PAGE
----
As The Rise of Skywalker hits cinemas, Susan Cheyne spotlights a primate with a Star Wars link.
‘Skywalker’ hoolock gibbon
Why is this gibbon named after a Star Wars character?
Its species name is tianxing, which translates to ‘heavenly movement’ in Chinese, reflecting its graceful brachiation (arm swinging) through the trees as well as the important status gibbons have in culture and mythology. The scientists who named it were fans of Star Wars and felt ‘sky walker’ accurately described the movement of this endangered species. Using links to popular culture is a really effective way to promote conservation outreach and increase public awareness.
Why did this species appear on the Primates in Peril list in 2019?
This gibbon was only described as a distinct species in 2017, through detailed genetic analysis and comparison of museum specimens. Because of this there has been little focused conservation attention on it. There are only about 200 of these gibbons left in the wild that we know of, so the IUCN felt that now was the time to put this species on the list to raise awareness and much-needed conservation funding and action.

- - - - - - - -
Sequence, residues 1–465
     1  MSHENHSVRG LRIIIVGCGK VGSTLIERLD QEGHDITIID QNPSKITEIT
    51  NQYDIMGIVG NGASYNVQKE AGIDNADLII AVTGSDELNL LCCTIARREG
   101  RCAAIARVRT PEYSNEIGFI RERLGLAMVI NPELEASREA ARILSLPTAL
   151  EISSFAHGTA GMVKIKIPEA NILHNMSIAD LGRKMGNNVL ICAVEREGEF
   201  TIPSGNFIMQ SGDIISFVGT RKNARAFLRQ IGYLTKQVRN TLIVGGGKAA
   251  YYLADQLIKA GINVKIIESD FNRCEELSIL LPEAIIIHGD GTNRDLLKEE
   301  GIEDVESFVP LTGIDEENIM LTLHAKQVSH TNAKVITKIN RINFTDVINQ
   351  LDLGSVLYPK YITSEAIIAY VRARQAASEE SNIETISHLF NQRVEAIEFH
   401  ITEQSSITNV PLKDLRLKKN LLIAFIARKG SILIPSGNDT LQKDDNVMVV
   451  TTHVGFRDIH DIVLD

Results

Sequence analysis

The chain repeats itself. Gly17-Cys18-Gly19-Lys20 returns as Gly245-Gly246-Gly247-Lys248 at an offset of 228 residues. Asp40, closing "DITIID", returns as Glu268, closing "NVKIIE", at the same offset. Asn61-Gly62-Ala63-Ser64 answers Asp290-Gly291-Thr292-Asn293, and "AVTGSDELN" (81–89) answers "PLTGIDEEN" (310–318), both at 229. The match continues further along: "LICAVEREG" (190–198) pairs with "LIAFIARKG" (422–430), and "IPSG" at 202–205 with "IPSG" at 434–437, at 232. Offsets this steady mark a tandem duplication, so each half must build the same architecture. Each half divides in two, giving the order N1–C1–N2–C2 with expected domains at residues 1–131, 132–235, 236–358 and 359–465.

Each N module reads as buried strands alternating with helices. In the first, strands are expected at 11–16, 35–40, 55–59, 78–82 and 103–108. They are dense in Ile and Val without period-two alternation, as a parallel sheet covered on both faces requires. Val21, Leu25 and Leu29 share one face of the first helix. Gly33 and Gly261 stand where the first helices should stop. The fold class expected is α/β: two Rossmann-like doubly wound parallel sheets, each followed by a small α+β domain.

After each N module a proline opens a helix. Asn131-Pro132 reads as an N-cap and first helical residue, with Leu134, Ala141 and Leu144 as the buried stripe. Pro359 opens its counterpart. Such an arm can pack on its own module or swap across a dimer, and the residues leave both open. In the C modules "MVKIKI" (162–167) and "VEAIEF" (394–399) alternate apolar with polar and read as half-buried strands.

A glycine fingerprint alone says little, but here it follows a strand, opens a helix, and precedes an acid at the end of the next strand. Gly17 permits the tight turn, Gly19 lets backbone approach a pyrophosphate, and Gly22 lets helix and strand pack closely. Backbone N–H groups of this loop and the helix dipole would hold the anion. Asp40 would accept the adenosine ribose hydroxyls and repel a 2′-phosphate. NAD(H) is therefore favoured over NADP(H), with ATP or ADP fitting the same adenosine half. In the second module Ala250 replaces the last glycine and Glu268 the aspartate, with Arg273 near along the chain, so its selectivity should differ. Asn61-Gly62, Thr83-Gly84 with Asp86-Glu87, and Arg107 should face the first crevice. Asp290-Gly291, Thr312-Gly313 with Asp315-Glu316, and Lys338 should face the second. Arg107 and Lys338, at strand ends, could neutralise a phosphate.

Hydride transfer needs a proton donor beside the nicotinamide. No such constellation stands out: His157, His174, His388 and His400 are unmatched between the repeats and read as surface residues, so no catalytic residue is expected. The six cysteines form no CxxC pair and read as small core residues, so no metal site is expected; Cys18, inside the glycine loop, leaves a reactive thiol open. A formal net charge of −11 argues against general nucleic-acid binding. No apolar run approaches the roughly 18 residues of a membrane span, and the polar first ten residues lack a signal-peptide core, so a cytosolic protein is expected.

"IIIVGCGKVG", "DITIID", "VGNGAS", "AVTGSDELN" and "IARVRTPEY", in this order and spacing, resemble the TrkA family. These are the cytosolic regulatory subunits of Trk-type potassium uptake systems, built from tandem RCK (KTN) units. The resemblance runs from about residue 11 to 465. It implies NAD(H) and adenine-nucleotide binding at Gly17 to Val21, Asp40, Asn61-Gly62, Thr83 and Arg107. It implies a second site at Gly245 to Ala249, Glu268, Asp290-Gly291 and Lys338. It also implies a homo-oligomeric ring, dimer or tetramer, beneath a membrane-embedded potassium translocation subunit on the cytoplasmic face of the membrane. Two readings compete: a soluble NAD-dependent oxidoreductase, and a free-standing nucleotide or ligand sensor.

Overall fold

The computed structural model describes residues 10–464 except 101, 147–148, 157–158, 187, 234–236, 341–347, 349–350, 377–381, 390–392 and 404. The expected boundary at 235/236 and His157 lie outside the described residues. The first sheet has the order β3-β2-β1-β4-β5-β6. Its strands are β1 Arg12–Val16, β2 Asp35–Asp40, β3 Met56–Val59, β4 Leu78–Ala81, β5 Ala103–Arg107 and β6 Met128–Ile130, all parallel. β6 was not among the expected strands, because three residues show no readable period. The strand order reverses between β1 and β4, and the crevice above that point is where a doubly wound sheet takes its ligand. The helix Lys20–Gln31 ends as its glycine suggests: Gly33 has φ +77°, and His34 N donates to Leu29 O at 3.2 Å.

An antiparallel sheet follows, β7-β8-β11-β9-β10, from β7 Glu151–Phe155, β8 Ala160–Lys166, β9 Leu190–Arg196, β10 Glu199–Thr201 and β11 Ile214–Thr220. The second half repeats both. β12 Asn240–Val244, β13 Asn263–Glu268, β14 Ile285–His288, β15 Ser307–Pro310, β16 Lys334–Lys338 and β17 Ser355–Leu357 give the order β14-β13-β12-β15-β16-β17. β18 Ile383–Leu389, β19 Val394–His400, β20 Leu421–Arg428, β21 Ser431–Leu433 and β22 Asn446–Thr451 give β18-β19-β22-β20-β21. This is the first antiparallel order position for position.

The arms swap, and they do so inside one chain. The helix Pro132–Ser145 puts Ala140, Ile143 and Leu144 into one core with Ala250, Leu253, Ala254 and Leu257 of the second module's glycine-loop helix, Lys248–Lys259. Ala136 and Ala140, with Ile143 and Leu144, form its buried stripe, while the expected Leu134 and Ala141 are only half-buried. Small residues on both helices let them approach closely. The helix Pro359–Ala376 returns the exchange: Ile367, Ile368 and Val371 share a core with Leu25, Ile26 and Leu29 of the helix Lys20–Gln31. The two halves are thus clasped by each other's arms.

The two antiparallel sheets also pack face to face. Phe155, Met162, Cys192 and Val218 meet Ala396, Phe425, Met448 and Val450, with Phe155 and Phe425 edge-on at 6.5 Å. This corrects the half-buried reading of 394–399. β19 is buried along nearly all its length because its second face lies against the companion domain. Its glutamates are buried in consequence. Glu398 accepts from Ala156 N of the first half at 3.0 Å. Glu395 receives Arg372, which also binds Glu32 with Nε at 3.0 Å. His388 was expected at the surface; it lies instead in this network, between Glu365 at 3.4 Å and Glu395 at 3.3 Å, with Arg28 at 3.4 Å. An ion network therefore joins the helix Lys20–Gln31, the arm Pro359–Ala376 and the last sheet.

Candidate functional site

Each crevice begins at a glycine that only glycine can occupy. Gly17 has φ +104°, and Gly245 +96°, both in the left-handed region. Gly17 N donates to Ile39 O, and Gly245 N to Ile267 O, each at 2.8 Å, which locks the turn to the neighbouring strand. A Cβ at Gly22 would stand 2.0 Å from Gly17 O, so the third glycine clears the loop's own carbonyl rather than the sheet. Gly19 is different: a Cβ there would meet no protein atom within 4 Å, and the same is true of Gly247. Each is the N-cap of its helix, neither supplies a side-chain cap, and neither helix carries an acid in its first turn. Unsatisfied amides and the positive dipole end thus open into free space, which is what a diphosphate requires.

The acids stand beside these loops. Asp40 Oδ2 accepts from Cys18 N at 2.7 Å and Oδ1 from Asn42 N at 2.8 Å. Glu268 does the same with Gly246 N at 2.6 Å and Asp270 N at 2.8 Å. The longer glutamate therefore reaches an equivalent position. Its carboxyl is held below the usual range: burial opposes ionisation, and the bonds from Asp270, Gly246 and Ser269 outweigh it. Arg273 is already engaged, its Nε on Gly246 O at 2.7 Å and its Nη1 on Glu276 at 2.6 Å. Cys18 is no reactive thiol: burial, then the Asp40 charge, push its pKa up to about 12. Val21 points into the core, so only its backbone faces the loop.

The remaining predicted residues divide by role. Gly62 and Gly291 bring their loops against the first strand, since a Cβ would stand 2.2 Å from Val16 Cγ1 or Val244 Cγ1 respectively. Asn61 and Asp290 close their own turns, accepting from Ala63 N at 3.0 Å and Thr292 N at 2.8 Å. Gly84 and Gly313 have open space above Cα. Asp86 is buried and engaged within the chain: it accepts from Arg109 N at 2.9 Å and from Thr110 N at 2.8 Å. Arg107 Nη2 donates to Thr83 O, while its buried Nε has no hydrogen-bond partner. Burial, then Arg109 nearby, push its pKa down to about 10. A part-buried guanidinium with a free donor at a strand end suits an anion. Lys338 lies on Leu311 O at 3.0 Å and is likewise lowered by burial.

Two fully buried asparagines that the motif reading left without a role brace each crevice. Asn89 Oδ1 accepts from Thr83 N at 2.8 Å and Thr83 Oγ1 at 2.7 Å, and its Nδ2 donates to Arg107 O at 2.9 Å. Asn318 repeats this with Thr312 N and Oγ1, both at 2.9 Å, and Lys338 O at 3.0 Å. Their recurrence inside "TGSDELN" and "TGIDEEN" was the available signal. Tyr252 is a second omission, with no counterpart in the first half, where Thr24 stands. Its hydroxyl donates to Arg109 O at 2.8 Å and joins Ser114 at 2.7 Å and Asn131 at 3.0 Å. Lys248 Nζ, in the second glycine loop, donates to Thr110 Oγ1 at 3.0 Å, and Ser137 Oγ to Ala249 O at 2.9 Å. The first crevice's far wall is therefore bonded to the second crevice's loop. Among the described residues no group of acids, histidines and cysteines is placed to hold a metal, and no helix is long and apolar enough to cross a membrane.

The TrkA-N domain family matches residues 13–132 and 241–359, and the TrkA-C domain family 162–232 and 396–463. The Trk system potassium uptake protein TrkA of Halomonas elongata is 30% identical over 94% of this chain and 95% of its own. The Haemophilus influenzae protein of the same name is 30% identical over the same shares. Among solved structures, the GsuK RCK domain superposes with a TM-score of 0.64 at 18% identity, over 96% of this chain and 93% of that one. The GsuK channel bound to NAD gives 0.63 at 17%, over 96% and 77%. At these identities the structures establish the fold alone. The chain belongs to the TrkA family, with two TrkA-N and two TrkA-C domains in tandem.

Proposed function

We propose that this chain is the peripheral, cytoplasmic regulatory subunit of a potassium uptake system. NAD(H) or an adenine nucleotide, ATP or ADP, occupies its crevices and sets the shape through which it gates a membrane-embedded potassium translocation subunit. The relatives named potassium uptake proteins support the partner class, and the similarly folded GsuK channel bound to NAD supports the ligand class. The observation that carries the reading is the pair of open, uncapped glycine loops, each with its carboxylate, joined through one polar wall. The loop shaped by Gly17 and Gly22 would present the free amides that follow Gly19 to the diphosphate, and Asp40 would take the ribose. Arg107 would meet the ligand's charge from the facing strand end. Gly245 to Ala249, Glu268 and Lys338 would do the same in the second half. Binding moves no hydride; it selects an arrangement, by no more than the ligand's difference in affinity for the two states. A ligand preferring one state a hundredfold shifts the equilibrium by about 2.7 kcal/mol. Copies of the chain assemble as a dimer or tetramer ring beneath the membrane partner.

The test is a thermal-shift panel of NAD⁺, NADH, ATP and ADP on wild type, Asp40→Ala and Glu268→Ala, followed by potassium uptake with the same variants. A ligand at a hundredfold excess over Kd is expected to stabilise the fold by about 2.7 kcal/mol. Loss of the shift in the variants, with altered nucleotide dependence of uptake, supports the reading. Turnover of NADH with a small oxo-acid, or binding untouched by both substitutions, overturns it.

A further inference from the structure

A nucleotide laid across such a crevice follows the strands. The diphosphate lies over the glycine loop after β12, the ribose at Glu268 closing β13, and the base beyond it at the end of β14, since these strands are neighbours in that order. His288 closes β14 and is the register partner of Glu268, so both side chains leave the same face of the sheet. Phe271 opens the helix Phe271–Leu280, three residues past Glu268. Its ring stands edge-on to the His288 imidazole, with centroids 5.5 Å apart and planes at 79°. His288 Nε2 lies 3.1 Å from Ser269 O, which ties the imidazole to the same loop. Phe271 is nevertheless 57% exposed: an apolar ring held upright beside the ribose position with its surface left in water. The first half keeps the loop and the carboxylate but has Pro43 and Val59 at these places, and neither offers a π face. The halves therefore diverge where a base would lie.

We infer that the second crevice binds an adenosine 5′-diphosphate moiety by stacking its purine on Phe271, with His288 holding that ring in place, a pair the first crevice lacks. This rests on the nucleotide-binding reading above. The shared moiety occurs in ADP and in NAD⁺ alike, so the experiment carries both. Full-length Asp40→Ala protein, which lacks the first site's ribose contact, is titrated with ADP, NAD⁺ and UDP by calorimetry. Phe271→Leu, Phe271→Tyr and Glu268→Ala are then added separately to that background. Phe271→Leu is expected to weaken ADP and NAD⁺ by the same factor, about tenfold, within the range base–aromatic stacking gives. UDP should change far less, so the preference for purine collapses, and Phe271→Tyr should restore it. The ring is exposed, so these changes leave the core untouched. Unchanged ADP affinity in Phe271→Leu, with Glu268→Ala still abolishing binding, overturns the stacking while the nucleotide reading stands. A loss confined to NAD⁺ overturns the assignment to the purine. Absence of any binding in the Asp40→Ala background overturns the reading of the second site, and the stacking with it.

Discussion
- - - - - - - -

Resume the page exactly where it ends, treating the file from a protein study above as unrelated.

Why is it threatened?
One major threat is the current civil unrest in Myanmar. Habitat fragmentation in China is another big threat. Like all gibbons, it needs forests to survive and connectivity of those forests for the dispersal of young adult gibbons from their family groups. The further break up of this habitat could be disastrous for their survival.
What have we learnt so far?
We know about its population distribution in China, and a bit about its behaviour, including how it spends some of its time. These gibbons prefer to sleep in tall trees, use different trees each night and go to bed early, all to avoid nocturnal predators. In the future, I’d like to discover whether the species is still present and surviving in Myanmar, too. Research is underway to understand how these gibbons use their forest home and interact socially. Leoma Williams
SUSAN CHEYNE is vice chair of the IUCN Section on Small Apes.
FIND OUT MORE Read the Primates in Peril report: bit.ly/primateperil
These are the gibbons we’re looking for: only 200 remain.